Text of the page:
Background: Flap reconstruction plays an essential role in the surgical management of extremity soft tissue sarcoma (ESTS) for many patients. But flaps increase the duration and complexity of the surgery and their contribution to overall morbidity is unclear. This study directly compares the complication rates in patients with ESTS undergoing either flap reconstruction or primary wound closure and explores contributing factors.
Methods: Eight hundred and ninety-seven patients who underwent ESTS resection followed by primary closure (631) or flap reconstruction (266) were included in this study. Data on patient, tumour and treatment variables and post-operative medical and surgical complications were collected. Univariate and multivariate regression analyses were performed to identify independent predictors of complications.
Results: Post-operative complications occurred in 33% of patients. Flap patients were significantly older, had more advanced disease and were more likely to require neoadjuvant chemo- and radiotherapy. There was no significant difference in complication rates following flap reconstruction compared to primary closure on multivariate analysis (38 vs 30.9% OR 1.12, CI 0.77-1.64, p = 0.53). Pre-operative radiation and distal lower extremity tumour location were significant risk factors in patients who underwent primary wound closure but not in those who had flap reconstruction. Patients with comorbidities, increased BMI and systemic disease were at increased risk of complications following flap reconstruction.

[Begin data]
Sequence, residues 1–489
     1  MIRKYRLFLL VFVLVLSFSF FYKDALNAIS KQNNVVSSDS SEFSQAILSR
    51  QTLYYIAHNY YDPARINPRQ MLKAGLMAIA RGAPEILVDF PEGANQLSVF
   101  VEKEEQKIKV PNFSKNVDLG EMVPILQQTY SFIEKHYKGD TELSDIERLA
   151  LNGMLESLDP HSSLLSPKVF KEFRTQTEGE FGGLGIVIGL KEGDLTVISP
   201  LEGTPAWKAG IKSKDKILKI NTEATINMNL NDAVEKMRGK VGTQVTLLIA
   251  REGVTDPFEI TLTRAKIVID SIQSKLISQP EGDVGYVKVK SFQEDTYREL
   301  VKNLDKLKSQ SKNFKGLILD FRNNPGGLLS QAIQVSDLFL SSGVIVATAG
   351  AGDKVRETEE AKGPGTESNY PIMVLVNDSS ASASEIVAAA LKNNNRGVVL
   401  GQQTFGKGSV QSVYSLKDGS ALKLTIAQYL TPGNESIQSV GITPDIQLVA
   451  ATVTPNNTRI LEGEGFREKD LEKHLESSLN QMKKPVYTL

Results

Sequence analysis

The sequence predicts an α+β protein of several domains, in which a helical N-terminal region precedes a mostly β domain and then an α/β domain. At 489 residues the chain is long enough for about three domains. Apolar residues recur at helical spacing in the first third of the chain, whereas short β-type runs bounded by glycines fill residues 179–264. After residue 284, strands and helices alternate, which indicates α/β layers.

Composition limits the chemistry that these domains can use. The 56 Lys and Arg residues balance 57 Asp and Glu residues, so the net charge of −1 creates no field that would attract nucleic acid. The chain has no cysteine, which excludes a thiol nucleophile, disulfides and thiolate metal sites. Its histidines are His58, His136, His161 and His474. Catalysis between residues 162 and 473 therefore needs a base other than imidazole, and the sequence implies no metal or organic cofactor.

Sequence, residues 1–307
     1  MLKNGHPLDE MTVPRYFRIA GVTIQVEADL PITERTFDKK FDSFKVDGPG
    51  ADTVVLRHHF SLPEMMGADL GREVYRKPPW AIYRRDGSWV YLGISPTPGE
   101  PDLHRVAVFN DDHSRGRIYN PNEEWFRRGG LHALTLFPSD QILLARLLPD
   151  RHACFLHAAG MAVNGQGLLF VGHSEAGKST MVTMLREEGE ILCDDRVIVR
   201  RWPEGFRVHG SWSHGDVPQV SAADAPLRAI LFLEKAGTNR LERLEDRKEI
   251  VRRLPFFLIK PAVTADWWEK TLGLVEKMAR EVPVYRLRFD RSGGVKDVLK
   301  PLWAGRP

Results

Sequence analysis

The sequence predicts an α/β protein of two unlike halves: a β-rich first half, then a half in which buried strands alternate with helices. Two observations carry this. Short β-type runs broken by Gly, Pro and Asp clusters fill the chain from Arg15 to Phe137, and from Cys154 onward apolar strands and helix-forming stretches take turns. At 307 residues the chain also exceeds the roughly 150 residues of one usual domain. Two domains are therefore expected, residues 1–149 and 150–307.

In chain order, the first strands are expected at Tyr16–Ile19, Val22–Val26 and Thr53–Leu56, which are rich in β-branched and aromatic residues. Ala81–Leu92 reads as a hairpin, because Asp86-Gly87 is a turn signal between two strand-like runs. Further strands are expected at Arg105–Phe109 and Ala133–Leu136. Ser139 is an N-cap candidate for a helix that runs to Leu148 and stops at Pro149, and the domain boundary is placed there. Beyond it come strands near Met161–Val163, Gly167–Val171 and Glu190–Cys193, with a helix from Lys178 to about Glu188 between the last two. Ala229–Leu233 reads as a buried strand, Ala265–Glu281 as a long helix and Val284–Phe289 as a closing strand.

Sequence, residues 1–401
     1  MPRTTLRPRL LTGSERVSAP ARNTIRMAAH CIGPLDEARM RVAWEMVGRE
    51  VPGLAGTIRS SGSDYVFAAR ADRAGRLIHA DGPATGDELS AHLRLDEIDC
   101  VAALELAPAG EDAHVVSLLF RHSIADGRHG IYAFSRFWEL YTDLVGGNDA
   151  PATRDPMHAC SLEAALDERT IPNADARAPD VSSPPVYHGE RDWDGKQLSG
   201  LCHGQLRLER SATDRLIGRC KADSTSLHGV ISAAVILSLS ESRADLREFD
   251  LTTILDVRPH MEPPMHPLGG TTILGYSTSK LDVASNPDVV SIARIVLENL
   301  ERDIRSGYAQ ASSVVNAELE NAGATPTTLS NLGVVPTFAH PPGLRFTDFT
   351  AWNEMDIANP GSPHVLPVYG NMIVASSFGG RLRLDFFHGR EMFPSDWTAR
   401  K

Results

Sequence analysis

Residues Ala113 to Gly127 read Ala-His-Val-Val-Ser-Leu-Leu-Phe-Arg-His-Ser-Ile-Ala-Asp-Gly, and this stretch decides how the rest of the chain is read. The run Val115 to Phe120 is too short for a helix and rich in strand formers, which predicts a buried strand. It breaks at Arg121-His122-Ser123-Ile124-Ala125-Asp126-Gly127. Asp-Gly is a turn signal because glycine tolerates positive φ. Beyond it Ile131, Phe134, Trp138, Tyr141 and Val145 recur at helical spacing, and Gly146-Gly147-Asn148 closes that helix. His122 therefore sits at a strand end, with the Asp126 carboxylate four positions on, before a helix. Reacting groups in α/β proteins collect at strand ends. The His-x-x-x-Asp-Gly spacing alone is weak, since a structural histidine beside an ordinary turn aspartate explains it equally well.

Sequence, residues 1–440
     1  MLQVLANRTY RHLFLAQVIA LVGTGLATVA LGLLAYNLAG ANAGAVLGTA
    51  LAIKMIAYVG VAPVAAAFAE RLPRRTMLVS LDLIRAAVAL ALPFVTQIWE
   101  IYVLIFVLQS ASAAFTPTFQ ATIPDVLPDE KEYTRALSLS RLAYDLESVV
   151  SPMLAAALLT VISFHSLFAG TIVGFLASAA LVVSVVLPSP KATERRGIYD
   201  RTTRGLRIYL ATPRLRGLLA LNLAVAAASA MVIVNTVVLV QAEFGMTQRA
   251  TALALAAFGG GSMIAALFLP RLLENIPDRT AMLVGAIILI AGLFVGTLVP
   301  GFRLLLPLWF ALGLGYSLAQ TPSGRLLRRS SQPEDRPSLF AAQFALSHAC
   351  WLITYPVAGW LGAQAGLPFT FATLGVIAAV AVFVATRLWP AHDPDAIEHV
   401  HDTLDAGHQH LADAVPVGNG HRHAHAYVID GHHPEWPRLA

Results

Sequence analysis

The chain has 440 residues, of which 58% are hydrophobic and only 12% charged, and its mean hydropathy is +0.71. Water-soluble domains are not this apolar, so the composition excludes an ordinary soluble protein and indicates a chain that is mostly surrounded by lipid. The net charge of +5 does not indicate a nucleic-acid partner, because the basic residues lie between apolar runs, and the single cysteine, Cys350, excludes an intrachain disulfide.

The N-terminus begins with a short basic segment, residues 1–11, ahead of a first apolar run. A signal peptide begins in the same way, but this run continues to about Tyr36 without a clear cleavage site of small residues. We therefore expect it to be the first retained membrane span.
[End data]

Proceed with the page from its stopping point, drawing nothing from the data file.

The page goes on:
Conclusions: Flap reconstruction is not associated with increased post-operative complications following ESTS resection. Flaps may mitigate the effects of some risk factors in selected patients. (C) 2017 Published by Elsevier Ltd.
- Soft tissue sarcoma
- Flap reconstruction
- WOUND COMPLICATIONS
- POSTOPERATIVE COMPLICATIONS
- RISK CALCULATOR